Archive for January, 2014

IPv6 – dealing with unwanted SLAAC addresses on servers

Are your servers getting SLAAC addresses in addition to the addresses you are manually configuring? If so, read on…

You need to find and turn off the “A” bit in the Prefix Length option of your Router Advertisement packets. The “A” bit is on by default on most network routers, and the documentation that describes the interactions between the “M”, “O” and “A” bits is scattered across at least a half dozen RFCs.

When we first set up our IPv6 lab, we went through several phases. Initially we just did client subnets and hosts and let all the stations auto-configure (SLAAC). This all happened “magically” with the default behavior of all the operating systems and network gear we tested.

Then we split the clients and servers onto separate subnets. When we did the split we added a DHCPv6 server and turned ON the M and O bits for the client subnets. For the server subnets, we turned OFF the M and O bits and statically configured the IPv6 (and IPv4) addresses.

The client hosts did everything exactly as expected, gathering IPv6 addresses and other options, exactly as they would have using DHCP and IPv4.

But, we never could quite get the servers to stop creating and configuring SLACC addresses, even with M & O bits turned ON or OFF on their subnets. Making sure that we did NOT have DHCPv6 clients configured on these servers, we tested all  four states with nearly identical results.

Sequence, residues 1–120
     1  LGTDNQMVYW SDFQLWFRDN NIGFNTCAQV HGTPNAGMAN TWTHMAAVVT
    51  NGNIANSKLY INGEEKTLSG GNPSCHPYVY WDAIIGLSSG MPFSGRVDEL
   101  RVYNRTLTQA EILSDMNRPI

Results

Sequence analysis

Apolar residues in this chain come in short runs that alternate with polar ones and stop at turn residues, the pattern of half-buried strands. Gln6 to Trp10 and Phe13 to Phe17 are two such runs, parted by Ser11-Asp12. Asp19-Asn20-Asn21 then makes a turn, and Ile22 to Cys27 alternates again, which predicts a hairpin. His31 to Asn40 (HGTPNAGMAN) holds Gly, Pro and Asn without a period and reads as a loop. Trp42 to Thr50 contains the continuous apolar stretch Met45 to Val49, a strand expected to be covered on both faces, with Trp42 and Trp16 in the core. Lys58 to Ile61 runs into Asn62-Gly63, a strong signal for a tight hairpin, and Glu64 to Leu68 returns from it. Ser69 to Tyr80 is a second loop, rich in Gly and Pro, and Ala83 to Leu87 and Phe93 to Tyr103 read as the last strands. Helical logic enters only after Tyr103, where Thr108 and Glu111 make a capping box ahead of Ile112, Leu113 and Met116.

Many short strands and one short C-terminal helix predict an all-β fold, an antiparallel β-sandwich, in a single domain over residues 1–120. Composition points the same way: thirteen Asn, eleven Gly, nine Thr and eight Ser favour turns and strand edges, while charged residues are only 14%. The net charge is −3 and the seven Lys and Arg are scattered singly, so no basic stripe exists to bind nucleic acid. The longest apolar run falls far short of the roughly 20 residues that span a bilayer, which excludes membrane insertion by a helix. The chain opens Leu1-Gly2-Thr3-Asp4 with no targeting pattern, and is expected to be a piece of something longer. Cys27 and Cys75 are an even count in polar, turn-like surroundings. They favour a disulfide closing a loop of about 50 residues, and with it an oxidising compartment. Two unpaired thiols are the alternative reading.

In other words, each server would always end up with three IPv6 addresses:

  1. a globally unique (global scoped) static assigned address, the one we configured at boot time
  2. a globally unique (global scoped) SLAAC address, usually based on its MAC address
  3. the usual and expected link-local address (fe80::)

So, what else was going on? Most of the documentation we found (especially RFCs) described these two bits in excruciating and often contradictory fashion! Take a look at RFC 4861 for the format of the Router Advertisements, and you’ll see the M and O bits right there in section 4.2). If there are other option bits that might control this, shouldn’t they be shown here?

By the way, the M and O bits are always OFF by default on all the networking gear we’ve seen so far (Cisco, Juniper and HP).